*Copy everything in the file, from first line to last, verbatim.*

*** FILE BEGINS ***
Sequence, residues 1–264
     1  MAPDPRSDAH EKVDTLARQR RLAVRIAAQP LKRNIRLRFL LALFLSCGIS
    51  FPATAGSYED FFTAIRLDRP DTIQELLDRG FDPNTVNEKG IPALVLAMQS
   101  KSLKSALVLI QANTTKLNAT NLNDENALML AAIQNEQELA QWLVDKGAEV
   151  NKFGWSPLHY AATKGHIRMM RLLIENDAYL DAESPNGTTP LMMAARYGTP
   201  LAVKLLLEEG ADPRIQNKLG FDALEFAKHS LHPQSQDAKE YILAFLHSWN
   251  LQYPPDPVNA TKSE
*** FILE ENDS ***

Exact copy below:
Sequence, residues 1–264
     1  MAPDPRSDAH EKVDTLARQR RLAVRIAAQP LKRNIRLRFL LALFLSCGIS
    51  FPATAGSYED FFTAIRLDRP DTIQELLDRG FDPNTVNEKG IPALVLAMQS
   101  KSLKSALVLI QANTTKLNAT NLNDENALML AAIQNEQELA QWLVDKGAEV
   151  NKFGWSPLHY AATKGHIRMM RLLIENDAYL DAESPNGTTP LMMAARYGTP
   201  LAVKLLLEEG ADPRIQNKLG FDALEFAKHS LHPQSQDAKE YILAFLHSWN
   251  LQYPPDPVNA TKSE